Questions to Ask Yourself About Your Credit Management

Credit Repair

If you are having some credit problems, it may be time to assess where you stand with your credit management style. We have some questions you can ask yourself to get back on track.

Does my latest credit report lists all my credit accounts as current or ‘paid as agreed’.

If you haven’t gotten your credit report, now is the time to pull it. You can get a copy of your credit report from each of the major bureaus: TransUnion, Equifax and Experian. Once you have your report, examine each of the accounts listed on the report. If you have negative listings, it may be time to challenge errors on your credit report or hire a professional credit repair company.

What is my current consumer debt?

To calculate your current debt, divided the total of your car loans, student loans and credit card debt by your net monthly income. Note: this figure does not include mortgage debt. If your figure is above 20%, you are in the danger zone.   High debt ratios tend to indicate that the person could be over spending and putting their credit in danger. In addition, if you have credit cards, you should keep your credit utilization to under 30%.

Have I checked my credit score in the last 2 years?

Like checking your credit report, knowing where you stand credit-wise is always important, and as some lenders only look at your credit score, you need to know this metric. Credit score ranges:

  • 300 – 579 very poor
  • 580 – 669 poor
  • 670 – 739 good
  • 740 – 799 very good
  • 800 – 850 excellent.

If your score is not where you want it, read more about fast fixes for your credit score here.

Have I ever had a collection, charged off account, judgment, lien, repossession, wage garnishment, foreclosure or bankruptcy?

Your credit score is very unforgiving about the above items. If you’ve had any of the past incidents within the last 7 years and they are on your credit report, your credit is probably suffering. These items can be difficult to remove from your credit report and you may need a little extra help getting the credit bureaus to remove unverified, unfair or erroneous information which is related to these tough credit situations.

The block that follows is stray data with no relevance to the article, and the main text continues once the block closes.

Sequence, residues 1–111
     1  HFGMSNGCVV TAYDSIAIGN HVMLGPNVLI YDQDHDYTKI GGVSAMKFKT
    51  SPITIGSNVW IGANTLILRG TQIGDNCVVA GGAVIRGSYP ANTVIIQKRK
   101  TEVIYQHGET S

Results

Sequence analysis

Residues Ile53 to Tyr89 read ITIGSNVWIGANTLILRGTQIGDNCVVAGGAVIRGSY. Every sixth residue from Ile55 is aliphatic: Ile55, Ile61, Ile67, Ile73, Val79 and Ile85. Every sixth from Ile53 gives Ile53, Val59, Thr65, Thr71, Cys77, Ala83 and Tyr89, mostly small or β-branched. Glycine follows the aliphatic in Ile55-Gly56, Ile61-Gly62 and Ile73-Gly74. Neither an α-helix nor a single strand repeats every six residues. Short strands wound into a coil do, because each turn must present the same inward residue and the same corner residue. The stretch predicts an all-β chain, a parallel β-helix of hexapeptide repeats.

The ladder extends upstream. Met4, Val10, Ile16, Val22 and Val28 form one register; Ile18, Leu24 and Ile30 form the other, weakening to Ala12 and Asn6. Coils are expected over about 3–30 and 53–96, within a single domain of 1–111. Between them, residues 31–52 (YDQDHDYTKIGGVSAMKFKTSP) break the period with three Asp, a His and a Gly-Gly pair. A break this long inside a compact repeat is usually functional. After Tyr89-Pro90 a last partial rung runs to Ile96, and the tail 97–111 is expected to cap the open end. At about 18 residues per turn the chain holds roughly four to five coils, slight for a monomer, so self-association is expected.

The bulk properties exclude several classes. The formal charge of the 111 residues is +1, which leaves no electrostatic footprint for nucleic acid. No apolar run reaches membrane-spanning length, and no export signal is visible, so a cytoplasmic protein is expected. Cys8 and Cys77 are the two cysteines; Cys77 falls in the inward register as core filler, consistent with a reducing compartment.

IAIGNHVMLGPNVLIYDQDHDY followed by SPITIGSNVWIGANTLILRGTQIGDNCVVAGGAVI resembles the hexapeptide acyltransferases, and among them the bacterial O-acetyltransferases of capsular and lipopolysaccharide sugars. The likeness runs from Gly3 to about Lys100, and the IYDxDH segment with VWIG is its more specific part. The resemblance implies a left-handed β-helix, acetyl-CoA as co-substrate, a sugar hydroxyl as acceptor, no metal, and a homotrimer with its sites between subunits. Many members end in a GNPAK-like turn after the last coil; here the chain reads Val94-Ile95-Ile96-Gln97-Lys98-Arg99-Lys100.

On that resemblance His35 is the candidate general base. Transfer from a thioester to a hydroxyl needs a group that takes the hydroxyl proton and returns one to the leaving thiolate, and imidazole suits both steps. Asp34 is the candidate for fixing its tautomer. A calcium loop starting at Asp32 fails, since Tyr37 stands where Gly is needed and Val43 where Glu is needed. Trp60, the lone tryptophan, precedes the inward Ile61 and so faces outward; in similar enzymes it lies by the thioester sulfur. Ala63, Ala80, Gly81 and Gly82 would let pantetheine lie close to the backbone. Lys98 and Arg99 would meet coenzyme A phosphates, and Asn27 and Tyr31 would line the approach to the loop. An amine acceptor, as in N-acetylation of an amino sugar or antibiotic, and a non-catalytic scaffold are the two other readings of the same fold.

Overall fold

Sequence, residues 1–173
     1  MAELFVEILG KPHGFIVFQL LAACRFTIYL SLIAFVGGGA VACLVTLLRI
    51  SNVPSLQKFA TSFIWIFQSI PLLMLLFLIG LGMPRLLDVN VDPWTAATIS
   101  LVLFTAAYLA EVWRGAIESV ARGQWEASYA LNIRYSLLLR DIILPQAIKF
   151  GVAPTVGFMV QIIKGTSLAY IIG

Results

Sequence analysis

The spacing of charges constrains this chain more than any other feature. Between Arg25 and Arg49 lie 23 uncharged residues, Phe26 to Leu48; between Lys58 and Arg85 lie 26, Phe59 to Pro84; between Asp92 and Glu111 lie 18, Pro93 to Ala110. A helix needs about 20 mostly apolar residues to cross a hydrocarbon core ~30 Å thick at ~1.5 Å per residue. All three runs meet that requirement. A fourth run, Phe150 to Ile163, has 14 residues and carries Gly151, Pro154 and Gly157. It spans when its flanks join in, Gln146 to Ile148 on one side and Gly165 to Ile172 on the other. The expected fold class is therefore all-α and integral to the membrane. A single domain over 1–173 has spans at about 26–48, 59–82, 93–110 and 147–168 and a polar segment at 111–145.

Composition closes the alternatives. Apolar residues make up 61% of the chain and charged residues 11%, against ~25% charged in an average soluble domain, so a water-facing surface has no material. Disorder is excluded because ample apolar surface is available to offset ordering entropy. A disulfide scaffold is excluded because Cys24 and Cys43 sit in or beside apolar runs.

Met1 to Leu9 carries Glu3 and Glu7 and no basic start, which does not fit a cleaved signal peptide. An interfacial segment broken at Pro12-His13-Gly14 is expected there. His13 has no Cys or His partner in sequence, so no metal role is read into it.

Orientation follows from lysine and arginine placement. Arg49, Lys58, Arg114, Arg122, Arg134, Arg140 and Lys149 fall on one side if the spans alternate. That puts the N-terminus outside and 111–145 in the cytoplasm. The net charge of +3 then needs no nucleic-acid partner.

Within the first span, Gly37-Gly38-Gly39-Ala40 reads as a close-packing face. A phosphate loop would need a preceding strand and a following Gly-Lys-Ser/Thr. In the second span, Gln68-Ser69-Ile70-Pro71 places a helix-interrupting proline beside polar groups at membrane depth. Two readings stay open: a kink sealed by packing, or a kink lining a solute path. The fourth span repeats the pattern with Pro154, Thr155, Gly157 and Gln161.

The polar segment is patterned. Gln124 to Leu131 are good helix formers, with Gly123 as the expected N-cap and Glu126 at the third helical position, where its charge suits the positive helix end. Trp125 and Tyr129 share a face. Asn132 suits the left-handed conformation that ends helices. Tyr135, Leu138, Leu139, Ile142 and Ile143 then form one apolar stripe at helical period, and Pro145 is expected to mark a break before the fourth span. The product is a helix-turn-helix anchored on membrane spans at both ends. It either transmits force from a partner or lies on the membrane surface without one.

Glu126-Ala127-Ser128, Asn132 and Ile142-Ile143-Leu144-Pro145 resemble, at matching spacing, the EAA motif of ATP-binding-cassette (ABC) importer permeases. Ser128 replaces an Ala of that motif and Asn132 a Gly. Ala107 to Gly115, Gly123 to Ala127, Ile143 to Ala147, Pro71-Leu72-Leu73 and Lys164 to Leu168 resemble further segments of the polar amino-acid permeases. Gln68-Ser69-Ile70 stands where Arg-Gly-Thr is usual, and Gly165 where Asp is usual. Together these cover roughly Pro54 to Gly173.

Do I comparison shop when applying for new credit products?

You comparison shop for price when you’re buying anything else, don’t you? It’s the same when apply for credit. When applying for a new loan, mortgage or credit card, it’s best to shop around for the best deal. There are plenty of competitors in the market looking for your business.

Do I have a list of my credit card account numbers and creditor contact information handy in case of loss or theft?

People lose credit cards every day and identity theft is all too common. If you don’t act fast, it could take some time to repair the damage to your credit. It takes an average of $500, and 30 hours to recover from identity theft, according to the FTC 2003. These days, it could take as long as 6 months and 200 hours. Having a list handy can cut down on the time that is available to thieves who could damage your credit further.

Do I pay my credit cards in full each month to avoid interest charges?

Not only do you save on interest, but paying down your cards each month keeps your credit utilization, or the percentage of available credit, at a minimum. Your credit utilization is 30% of your credit score, and experts say that you should keep your utilization between 10 and 30%.

Have I checked my credit report for errors or identity theft this year?

The FTC reports that as many as 42 million Americans have errors on their credit reports. The FTC also found that 5% of those with errors reported a drop in credit score so significant that it could deny them credit. It’s always a good idea to check your credit report at least once a year – as the longer you wait to correct problems with identity theft, the longer it can take to unravel them.

Do I have a personal policy not to co-sign on any loan or credit card?

Co-signing a loan or credit card can be dangerous, as you are literally handing over control of your credit rating to someone else. While most people have good intentions when they ask you to help them out by co-signing, if someone needs your help with the co-signing, it could be an indication that they have not been managing their own credit properly and may have trouble with this line of credit also. If they miss a payment, a late pay will go on your credit report, even if you are not informed of credit problems on the account.

Have you ever taken out a payday loan, car title loan, used check cashing stores, rent to own stores to get cash or merchandise?

All of the above loan products are high interest rate and have poor quality terms and conditions. Usually people turn to them out of desperation in order to pay bills or buy things they cannot afford. If you are a user of these services, it’s a clear indication that it’s time to get a grip on your finances and start a budget. Your credit is probably in big trouble, and it could be time to see a consumer credit counselor to help you manage your money.  At the very least, using payday or car title loans can trap you into a debt cycle that may be difficult to break free of.

I use or have used several different types of credit.

There are two main categories of credit: installment loans like mortgages and auto loans and revolving lines of credit like credit cards and home equity loans. Your mix of credit is 15% of your credit score. Your credit score is higher when you’ve shown that you can handle responsibly different types of credit account, and that’s what a good mix of credit will show.

Are you worried about the way your credit was managed? Learn how you can start repairing your credit here, and carry on the conversation on our social media platforms. Like and follow us on Facebook and leave us a tweet on Twitter.

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